DogFrostbite is the name given to tissue damage that’s caused by exposure to extremely cold conditions. In order for dogs to conserve their heat, they reduce the amount of blood flow to the peripheral parts of his body, such as his ears, paws and tail. Without blood in these areas, they lack warmth and oxygen and as a consequence, ice crystals may form in the tissue which can then cause that tissue to die.

Symptoms of frostbite

The difficulty with frostbite in dogs is that because dogs are covered in hair, it’s challenging to find areas that might be impacted by it. The signs to really look out for are very pale skin, usually found on the belly area, which will be very cold to the touch.

You’ll also notice that once the skin starts to warm up, it will become red and swell, which will also prove to be very painful for your pet. After just a few days, the skin will then become dry and will appear to be scaly.

How to treat frostbite

Trapper in the SnowIf you notice an area on your dog that you think might be frostbite, bring your pet to a warm area and put heat on the area immediately. Most importantly for frostbite, make sure that you resist the urge to rub or massage the affected area since rather than helping, you’d really be hurting your pet, releasing toxins that can further cause damage to the tissue.

Call your vet and describe the severity of the frostbitten area. The vet can then determine whether it’s better for you to bring your dog into the office or if it’s better for you to stay home and monitor him for the next few days. If you do see your vet, they will likely prescribe your pet pain killers and antibiotics to help ease your dog’s pain and look at removing any dead tissue.

What causes hypothermia?

Sally in the snowHypothermia occurs when your dog’s temperature falls and stays below its normal range of 100.5 to 102.5 degrees Fahrenheit. When a dog is suffering from hypothermia, this means that he is losing body heat faster than he can replace it. This can happen when you’re walking your dog outside or even when he’s playing around outside in the backyard during the winter.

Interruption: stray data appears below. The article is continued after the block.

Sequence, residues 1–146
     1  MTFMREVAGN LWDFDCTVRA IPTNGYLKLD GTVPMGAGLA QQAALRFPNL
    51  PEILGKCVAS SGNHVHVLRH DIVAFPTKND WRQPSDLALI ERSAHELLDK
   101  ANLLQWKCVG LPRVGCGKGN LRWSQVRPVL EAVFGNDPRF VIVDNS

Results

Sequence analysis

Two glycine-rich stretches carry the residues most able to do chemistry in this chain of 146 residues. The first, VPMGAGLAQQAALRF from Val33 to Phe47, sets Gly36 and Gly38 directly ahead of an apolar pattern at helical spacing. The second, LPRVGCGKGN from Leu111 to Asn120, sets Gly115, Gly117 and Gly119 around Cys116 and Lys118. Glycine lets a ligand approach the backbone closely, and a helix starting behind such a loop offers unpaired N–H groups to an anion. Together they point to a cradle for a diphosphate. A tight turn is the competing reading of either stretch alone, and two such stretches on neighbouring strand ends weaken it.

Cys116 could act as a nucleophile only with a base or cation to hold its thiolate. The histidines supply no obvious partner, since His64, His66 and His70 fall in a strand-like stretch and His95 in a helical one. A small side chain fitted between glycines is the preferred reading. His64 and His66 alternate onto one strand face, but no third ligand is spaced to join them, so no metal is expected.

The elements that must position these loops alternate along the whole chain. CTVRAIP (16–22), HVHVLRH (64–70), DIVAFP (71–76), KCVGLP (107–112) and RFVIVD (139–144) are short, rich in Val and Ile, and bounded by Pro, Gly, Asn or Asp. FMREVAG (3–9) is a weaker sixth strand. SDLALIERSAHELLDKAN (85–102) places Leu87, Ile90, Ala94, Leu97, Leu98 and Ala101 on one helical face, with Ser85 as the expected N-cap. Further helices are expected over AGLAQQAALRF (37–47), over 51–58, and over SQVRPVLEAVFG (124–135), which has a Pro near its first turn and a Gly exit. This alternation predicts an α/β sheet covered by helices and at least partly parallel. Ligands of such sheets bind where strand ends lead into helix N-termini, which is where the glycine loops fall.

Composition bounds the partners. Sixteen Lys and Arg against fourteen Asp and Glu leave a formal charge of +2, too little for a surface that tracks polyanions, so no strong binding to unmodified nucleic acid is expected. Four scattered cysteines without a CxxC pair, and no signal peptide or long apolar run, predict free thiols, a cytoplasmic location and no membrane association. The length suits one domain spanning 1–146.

Symptoms of hypothermia

  • shivering;
  • lethargy;
  • muscle stiffness;
  • lack of coordination;
  • low heart and breathing rates;
  • fixed and dilated pupils;
  • collapse;
  • coma.

How to treat hypothermia

Wee Westie Under Wraps

In order to treat your dog for hypothermia, you must focus on warming them up so that their core temperature returns to normal. If you’re walking with your dog and notice he is suffering from the cold temperatures, you need to immediately prevent him from losing any further body heat by picking up your dog and running him into the house (if he’s small enough!) or walk quickly back to the house to warm up.

Once you’re in a warm environment, make sure you’re in a heated room where the floor is well insulated and find a blanket to wrap your dog in. It would be ideal to keep him in this position until his internal temperature returns to normal. If you don’t have a thermometer, don’t fret, as long as you pay close attention to him and get him to the point where he’s no longer shivering and appears to be acting normal again, it’s a pretty good indication that your dog’s temperature is back up.

The next time you’re getting bundled up to take a long walk with your pup, remember that while you might be able to go the distance in the cold weather, they might not be able to go quite as far. By reading the information above and preparing your pet for the cold, you now have the knowledge necessary to keep your furry friend safe from hypothermia and frostbite!

Share this:
Share this page via Email Share this page via Stumble Upon Share this page via Digg this Share this page via Facebook Share this page via Twitter